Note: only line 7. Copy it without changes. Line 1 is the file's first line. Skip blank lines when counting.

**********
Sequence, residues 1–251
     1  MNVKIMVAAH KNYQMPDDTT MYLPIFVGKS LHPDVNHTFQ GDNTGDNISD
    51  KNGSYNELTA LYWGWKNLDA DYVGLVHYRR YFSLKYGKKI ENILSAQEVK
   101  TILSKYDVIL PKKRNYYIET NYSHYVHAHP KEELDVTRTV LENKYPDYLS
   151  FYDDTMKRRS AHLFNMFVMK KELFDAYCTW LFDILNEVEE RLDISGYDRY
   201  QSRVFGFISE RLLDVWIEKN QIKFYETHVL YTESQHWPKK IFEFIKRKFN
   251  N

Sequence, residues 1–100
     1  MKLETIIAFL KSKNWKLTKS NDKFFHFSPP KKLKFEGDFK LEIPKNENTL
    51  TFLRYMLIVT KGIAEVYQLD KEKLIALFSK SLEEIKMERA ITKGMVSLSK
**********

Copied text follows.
   251  N